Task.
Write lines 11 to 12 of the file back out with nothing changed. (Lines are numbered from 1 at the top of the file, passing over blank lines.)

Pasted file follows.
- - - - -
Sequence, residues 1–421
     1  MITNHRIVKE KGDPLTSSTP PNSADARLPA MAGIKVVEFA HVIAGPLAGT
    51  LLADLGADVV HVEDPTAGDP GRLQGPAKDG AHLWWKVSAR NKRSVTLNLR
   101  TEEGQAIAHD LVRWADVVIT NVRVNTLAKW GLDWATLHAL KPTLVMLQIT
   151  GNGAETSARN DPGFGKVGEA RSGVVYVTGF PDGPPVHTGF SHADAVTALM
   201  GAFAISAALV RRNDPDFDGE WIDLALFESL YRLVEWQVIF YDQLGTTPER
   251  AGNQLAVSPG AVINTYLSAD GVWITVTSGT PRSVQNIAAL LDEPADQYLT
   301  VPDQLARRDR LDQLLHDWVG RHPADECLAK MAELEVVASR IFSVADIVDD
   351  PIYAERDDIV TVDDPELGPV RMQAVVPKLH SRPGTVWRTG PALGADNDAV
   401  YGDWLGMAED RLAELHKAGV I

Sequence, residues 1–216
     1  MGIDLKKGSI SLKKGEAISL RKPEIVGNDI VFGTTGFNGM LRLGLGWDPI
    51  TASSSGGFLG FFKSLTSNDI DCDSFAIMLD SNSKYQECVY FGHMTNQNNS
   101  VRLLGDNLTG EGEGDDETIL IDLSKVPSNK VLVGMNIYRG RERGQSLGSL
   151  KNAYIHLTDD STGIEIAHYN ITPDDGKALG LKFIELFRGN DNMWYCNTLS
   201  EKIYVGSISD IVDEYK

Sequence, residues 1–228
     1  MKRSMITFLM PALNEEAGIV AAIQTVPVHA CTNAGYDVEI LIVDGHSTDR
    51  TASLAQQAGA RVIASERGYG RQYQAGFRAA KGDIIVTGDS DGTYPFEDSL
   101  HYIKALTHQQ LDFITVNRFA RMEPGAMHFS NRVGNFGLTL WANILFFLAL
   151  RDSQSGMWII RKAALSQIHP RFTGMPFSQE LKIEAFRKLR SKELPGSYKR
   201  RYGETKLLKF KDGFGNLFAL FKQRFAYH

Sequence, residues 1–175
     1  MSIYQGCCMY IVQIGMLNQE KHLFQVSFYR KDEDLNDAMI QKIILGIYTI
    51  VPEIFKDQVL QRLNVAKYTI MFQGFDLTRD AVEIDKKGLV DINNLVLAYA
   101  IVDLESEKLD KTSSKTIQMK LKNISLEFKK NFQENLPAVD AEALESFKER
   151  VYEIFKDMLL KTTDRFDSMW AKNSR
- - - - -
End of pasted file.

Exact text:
Sequence, residues 1–216
     1  MGIDLKKGSI SLKKGEAISL RKPEIVGNDI VFGTTGFNGM LRLGLGWDPI